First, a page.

Recently, the Federal Government announced its plan to privatise the four international airports in the country.
Speaking through the Minister of Transport, Rotimi Amaechi, the government said the planned privatisation/concession of the four airports was to guarantee efficiency and good management in view of dwindling resources from the government for infrastructural development in the aviation industry.
According to investigations, the airports to be privatised are: the Murtala Muhammed International Airport, Lagos; the Nnamdi Azikiwe International Airport, Abuja; the Port Harcourt International Airport and the Mallam Aminu Kano International Airport, Kano.
It is no news that the four airports in question are the most viable and source of revenue generation not only for the government, but pillars to other 18 inviable airports spread across the country.
Since the announcement was made, there have been reactions from key players in the country with many raising questions as to the justification behind singling out the most viable of the airports for privatisation or whatever.
Latest of the reactions came from the Nigeria Union of Pensioners (NUP), the Federal Airports Authority of Nigeria (FAAN) branch, which has described the move as selfish and capable of aiding capitalism at the expense of Nigerians.
Equally, the pensioners raised the alarm about the security implications inherent in privatising the four airports which they said could be explored by dangerous elements to unleash havoc on the country. These and various other questions have continued to be raised by key players in the sector.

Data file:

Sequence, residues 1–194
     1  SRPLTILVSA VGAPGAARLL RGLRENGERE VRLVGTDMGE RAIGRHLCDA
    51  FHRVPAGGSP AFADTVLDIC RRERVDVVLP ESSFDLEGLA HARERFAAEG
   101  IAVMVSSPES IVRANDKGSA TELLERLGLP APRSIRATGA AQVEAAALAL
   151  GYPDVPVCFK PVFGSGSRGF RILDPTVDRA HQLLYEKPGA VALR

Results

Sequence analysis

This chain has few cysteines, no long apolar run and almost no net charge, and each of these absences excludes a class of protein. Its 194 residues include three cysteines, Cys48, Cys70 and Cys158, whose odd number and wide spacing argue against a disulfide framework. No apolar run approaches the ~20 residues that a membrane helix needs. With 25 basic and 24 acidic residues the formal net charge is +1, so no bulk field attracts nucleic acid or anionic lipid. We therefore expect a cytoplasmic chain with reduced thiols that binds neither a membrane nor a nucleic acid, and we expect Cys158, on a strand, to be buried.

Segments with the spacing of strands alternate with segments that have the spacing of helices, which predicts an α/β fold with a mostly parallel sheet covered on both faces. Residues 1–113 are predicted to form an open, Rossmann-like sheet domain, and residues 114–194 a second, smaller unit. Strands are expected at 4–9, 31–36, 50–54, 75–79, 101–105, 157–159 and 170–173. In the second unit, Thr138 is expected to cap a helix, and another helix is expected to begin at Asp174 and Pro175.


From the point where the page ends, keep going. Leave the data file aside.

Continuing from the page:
This is not the first time the idea of privatising the major airports has been mooted, but each time it was raised in the past, among such questions always raised was the sincerity and level of preparedness of the country towards it.
While the government has the right to come up with ideas that can make the airports more viable, certain things need to be considered before taking any step.
People often claim that there are countries that have had their airports successfully privatised, but they have failed to realise that such countries went through a thorough process which include patriotism, security, finance and labour issues.
Obviously, there are 22 airports being managed on behalf of the government by FAAN and it is on record that out of the lot, only four are viable with Lagos Airport being the most economically viable while Abuja, Port Harcourt and Kano trail behind.
In other words, it is revenue mostly generated from the four that are used to service the inviable ones.
The question now is if the ‘four pillar’ airports are removed, what happens to the unviable ones? Who will continue to fund the inviable ones and of what economic benefits will they be to Nigerians?
Why privatise viable ones and why not inviable ones or why not pair two or four of inviable ones with one viable one for the so called privatisation?
Besides, who takes charge of security at the airports or is it wise to leave the security of any of the airports in the hands of individuals at this critical period when the country is fighting enemies all over? Again, which process or due diligence has been put on ground for the so called privatisation process and who are those involved?
These and many other questions are waiting for answers from the government, because presently, many key players believe that Nigeria is not yet ripe for the policy, believing that what is worth doing at all is worth doing well.
Government needs to listen to all sides on this as this will go to correct the insinuation that government wants to sell the juicy airports to its cronies leaving the inviable ones for Nigerians.